What is Medical Necessity?

“Medically Necessary” or “Medical Necessity” shall mean health care services that a physician, exercising prudent clinical judgment, would provide to a patient for the purpose of evaluating, diagnosing or treating an illness, injury, disease or its symptoms…1

The term “medical necessity” is used by healthcare providers and insurers to determine whether a medication, diagnostic test, or even a surgery is reasonable and necessary for patient care and treatment.

While each state may enforce different regulations on how a provider must evaluate the medical necessity of a practice, the key to appropriate evaluation is evidence based treatment provided with regard to the needs of the patient.  Medical necessity policies are in place to safeguard both public and private resources and to avoid unnecessary health risks for patients.

In order for an insurance company to cover and pay for a health care service recommended or prescribed by a physician, the testing and treatment provided must be within the bounds of those medical standards. The appropriate standard of care for any disease, injury or symptom is based on collaborative efforts, involvement in safety and quality initiatives, published, peer-reviewed information and overall unanimity of opinion in the medical community2.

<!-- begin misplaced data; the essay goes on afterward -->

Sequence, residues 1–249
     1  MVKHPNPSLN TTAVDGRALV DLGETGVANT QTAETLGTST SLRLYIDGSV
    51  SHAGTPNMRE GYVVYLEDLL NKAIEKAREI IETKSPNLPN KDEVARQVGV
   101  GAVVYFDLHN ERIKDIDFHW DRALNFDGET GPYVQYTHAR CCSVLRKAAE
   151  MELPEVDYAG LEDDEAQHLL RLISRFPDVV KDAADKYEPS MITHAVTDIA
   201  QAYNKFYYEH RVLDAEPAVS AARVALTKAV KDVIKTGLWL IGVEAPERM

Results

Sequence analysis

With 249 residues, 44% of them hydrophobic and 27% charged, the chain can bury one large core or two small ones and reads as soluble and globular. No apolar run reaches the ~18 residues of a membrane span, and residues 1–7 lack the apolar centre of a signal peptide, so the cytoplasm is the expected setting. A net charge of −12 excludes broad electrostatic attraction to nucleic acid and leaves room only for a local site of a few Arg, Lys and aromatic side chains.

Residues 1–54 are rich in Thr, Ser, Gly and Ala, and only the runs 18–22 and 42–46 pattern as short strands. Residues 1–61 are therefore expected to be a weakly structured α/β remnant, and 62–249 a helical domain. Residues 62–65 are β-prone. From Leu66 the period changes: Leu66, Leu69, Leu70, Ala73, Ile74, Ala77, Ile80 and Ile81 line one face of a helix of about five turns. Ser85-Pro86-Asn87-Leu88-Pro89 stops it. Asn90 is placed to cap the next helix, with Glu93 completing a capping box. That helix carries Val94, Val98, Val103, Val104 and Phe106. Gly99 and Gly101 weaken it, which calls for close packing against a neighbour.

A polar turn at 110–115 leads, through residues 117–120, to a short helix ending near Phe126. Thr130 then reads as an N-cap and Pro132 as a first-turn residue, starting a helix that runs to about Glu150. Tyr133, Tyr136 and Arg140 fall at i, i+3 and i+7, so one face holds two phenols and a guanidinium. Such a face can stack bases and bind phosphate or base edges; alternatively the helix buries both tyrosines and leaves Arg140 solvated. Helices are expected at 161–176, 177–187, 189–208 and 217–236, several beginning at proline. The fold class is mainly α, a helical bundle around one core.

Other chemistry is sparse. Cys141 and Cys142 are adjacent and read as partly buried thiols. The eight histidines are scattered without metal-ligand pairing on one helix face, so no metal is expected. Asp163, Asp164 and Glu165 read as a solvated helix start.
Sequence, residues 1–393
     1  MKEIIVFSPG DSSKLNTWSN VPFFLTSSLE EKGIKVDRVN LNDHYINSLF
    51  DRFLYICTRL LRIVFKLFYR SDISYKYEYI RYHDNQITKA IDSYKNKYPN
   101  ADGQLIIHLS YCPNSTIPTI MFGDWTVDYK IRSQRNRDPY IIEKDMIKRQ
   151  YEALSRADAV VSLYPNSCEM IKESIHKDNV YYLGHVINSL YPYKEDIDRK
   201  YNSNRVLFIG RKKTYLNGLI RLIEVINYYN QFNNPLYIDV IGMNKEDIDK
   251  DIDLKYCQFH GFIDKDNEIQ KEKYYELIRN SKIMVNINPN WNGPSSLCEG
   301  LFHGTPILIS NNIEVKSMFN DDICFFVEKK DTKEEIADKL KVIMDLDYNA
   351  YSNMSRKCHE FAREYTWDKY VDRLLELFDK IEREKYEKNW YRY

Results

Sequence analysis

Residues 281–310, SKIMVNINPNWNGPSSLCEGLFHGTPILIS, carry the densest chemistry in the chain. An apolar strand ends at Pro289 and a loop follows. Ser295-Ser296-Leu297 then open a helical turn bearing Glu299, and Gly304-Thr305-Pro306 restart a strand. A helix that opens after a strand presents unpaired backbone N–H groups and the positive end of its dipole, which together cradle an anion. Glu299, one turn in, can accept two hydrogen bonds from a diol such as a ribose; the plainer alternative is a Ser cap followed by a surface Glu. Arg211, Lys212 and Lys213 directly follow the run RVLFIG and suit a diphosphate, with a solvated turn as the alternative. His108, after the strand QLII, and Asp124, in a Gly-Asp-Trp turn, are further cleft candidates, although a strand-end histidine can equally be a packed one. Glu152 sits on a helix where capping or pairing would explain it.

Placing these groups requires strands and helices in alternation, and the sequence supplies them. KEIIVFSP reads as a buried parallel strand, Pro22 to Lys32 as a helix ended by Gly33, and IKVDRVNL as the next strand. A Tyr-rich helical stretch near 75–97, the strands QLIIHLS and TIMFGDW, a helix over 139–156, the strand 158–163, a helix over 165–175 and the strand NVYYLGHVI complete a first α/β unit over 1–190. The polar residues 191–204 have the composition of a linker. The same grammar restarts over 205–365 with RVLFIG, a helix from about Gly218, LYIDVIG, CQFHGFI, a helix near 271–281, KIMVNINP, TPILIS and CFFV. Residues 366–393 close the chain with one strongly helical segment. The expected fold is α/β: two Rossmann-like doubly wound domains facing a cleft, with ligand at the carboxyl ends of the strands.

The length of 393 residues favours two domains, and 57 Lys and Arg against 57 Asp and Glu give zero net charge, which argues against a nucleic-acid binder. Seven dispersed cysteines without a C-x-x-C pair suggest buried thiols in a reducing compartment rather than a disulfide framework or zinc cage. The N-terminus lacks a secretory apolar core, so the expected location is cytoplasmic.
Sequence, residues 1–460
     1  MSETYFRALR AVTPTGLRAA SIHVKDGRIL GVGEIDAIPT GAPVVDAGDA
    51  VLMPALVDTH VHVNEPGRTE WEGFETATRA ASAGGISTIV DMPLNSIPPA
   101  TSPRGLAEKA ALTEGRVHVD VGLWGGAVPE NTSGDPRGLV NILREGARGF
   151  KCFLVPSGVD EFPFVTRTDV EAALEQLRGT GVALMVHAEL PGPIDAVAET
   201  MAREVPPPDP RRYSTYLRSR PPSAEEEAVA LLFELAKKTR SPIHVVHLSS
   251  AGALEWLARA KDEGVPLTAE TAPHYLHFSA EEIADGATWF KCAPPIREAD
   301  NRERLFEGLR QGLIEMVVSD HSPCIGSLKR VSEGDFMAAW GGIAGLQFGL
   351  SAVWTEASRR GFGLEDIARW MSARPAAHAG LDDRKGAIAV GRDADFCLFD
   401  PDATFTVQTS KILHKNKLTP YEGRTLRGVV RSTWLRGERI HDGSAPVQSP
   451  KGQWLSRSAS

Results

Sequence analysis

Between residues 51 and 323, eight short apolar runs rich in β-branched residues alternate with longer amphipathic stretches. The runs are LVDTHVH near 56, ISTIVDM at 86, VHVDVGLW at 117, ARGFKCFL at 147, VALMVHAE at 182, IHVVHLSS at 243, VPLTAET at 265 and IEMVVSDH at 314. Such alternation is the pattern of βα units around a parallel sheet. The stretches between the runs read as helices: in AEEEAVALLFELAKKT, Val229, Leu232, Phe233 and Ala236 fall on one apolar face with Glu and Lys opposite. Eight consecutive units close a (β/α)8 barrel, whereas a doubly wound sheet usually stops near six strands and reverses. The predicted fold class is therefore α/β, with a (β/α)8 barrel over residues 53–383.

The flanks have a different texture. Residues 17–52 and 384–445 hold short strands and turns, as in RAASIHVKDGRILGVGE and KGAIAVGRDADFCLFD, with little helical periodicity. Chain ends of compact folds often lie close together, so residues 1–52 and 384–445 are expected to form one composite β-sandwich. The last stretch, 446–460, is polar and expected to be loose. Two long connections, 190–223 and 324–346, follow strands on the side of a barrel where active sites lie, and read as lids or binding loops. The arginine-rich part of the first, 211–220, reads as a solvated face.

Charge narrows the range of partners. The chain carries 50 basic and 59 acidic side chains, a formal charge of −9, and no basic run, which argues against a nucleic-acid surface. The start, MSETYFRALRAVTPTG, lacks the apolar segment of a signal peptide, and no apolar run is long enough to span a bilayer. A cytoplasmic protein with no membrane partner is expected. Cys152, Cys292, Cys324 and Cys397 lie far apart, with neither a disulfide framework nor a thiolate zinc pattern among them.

Lexar Laboratories works with commercial insurance companies, including Medicare and Medicaid, advocating on behalf of healthcare providers and their patients to ensure open access to our vital services.  Knowing what medications are being taken and how they are being used by the patient can be an essential element of the treatment planning for clinicians.

The question of medical necessity isn’t always black and white.  There can be instances where a patient may benefit from a test or treatment that is outside an insurance company’s “medically necessary” policies.  Sometimes the guidelines for treatment may have been narrowed by a payor’s interpretation of health care reforms or changes in the laws that govern what insurance companies may consider “medically necessary”.

References:

  1. 42 U.S.C Section 1395y(a); 42 USC Section 1320c-5(a),
  2. American Medical Association, Clinical Practice Improvement and Patient Safety